But many here are skeptical. “It is one thing to say and another to do,” someone observes about the seemingly earnest talk about the country’s problems.
And when Tkachenko makes a plea for cooperation, suggesting being good friends with Russia, many Ukrainians here bristle, seeing the specter of Russian domination, an end to freedom and beginning of renewed fear. (After all, many I have spoken to here believe that if Ukraine is to survive as a nation, if it is to solve its troubles, it must distance itself from Russian woes and forge closer links with the West. Ukraine’s economic problems, though severe, are not as extreme those of Russia; its currency, the hrivnya, not as weak as the Russian ruble. And to bolster its currency, to prop up the country, the International Monetary Fund has recently made it a recipient of a loan. For similar reasons, the United States also makes Ukraine its third-greatest recipient of foreign aid.)
After the speech, I am handed a glass of champagne. “To Ukraine’s future,” a member of a group says and we raise our glasses.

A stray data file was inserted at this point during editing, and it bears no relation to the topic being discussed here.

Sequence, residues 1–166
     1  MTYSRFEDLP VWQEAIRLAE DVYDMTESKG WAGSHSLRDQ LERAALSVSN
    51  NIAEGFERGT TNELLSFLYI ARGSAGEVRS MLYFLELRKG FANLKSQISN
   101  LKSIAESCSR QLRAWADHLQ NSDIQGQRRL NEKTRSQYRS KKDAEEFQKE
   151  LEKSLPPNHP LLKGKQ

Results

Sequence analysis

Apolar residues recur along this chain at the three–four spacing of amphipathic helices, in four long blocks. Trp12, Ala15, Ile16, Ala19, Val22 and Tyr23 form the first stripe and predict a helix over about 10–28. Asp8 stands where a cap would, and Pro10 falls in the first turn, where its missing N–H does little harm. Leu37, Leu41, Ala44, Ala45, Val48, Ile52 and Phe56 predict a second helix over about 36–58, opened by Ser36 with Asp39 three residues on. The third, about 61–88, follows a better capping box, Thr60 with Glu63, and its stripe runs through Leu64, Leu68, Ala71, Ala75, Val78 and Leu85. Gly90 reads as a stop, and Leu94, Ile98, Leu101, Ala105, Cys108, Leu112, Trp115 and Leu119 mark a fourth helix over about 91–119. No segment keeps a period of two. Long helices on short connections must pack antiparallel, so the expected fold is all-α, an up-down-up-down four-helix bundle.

Then comes the concert, a prodigious display of the musical talent that the county is known for: A young boy plays on the piano; another child prodigy plays the violin; I fall in love with the voice of the tenor who sings with an army band. There is a display of national dance, balletic in form. All the regions of the country are represented. There is even religious choral singing. The concert ends with “Mnohaya Lita,” a traditional Ukrainian birthday song . “May you live many years.”
After the oppression of Soviet rule, this celebration in Ukrainian is quite an event. Yet, I wonder about what I have just witnessed. I think about the appearances and reality theme that has traditionally pervaded Soviet relations with the West. Indeed, I wonder if what I observed was a mere display put on for invited guests from other countries, not unlike the “Potemkin” villages guests were limited to seeing when they came to the former Soviet Union.